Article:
Amanda Woronecki
Death Lands

If you asked me to cut your back in half and let you linger in pain,
I would do this for you out of love.
Twisted sheet metal like eyes, silver hints of doves gone out to look
for land.
Wonder out of your loneliness. There grows a cave in the distance.
We must hide from placid shrapnel.
Supple but chic, grieve for grovers in the greener country side.
Warmer pastures of subtle shame, naked in clouds’ shadows for me.
A blanket of goat fur covers you and I.
A fire brimming on the edge of the endangered town guides us far out of gloom.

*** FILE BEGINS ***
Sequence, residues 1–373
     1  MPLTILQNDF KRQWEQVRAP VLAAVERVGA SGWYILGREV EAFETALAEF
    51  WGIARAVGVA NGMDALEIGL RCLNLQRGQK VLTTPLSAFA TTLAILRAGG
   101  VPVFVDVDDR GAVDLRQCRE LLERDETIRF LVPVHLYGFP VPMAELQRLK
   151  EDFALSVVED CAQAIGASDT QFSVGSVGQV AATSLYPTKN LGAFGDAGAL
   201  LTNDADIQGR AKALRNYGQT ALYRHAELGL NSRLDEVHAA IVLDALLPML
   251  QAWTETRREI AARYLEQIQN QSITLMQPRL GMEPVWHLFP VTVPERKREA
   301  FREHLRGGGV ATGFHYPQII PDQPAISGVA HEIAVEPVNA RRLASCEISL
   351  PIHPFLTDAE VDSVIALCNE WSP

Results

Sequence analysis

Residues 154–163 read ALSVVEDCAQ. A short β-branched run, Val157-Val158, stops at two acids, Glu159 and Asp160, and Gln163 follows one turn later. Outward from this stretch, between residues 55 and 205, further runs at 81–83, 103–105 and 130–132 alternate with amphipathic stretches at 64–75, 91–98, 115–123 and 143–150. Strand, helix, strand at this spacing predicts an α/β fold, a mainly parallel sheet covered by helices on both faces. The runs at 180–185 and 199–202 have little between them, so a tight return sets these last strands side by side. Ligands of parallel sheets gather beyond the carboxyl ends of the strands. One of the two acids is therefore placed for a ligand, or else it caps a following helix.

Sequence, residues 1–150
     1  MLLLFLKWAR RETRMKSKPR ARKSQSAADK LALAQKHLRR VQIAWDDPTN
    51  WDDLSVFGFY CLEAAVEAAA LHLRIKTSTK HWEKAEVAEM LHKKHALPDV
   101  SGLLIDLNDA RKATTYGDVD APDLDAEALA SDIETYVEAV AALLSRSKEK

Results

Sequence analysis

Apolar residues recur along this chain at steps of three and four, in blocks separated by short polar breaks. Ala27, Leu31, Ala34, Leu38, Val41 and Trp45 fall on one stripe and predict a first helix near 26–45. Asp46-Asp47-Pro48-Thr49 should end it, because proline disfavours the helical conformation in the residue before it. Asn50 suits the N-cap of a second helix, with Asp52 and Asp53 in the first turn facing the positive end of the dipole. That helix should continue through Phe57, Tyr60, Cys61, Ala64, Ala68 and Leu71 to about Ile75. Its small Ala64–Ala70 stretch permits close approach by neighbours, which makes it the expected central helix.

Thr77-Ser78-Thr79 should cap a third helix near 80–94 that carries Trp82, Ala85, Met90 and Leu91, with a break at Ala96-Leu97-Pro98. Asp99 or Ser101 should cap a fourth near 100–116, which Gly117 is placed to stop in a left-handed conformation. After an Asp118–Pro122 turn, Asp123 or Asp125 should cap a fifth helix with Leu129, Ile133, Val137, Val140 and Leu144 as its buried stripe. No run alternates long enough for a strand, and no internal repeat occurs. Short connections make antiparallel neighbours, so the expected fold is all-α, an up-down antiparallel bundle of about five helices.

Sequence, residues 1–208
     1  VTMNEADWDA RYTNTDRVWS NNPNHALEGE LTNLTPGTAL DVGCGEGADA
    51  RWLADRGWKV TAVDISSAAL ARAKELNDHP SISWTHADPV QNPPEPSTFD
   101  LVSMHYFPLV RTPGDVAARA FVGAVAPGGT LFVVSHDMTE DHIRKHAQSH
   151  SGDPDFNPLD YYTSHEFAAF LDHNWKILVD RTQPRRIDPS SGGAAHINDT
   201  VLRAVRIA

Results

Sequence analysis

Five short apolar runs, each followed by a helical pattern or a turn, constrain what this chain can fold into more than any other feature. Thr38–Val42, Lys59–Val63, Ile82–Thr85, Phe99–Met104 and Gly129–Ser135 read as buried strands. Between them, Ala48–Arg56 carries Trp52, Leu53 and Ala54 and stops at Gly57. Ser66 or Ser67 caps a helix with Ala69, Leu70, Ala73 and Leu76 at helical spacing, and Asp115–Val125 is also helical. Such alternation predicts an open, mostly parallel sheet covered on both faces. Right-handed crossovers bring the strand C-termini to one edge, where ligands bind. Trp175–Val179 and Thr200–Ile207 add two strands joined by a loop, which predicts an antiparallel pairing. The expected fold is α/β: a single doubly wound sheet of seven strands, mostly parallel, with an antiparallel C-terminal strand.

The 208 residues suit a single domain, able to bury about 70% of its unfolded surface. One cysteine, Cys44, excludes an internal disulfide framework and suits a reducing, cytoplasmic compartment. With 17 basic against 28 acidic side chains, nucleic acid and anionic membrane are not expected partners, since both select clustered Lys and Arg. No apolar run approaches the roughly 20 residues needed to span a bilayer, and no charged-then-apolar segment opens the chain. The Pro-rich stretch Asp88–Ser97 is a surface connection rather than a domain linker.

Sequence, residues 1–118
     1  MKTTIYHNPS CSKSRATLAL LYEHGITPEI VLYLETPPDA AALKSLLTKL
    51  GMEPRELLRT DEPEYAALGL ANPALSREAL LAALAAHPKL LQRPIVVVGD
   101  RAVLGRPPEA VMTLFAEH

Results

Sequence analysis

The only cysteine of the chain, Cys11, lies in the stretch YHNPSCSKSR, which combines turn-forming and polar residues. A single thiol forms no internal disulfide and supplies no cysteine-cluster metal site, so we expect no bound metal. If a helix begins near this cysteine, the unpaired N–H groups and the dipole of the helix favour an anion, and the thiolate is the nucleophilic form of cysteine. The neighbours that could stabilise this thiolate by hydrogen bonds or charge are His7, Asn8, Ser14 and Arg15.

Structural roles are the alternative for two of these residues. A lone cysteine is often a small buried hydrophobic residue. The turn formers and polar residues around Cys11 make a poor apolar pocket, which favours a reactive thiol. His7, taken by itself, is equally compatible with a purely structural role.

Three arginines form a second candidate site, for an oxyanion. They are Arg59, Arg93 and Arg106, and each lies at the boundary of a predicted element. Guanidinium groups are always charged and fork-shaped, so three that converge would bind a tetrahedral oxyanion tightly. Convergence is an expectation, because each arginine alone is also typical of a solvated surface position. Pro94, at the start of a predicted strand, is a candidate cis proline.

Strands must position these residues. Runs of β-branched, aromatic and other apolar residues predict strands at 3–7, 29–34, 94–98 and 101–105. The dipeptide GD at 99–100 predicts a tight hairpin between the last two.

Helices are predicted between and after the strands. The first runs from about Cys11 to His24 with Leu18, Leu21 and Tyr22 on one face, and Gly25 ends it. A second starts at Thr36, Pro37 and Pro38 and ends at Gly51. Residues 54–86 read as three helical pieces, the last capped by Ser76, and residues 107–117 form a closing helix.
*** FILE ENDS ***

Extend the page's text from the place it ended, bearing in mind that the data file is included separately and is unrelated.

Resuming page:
Take this mushroom and eat it, it’s the body of the earth and lifts
you up to grow like trees. No leaves tremble as we walk down a path.
Pine trees tingle with volcanic ashes.
We are dusted with poisonous white flakes to remind us
of the days we killed our young and fed them to fires; we were dumb.
Yet, not so incompetent that we knew we had to survive.
Weaker ones must be sacrificed. Houses of glum, we are bums,
shelter for wolves, scarce of pooling waters.
All the land is thirsting for our fresh blood.
Brewing below granite rock is sweet lava.
The pine trees look as though they ooze lava instead of sap.
I am glad to eat a delusional snack.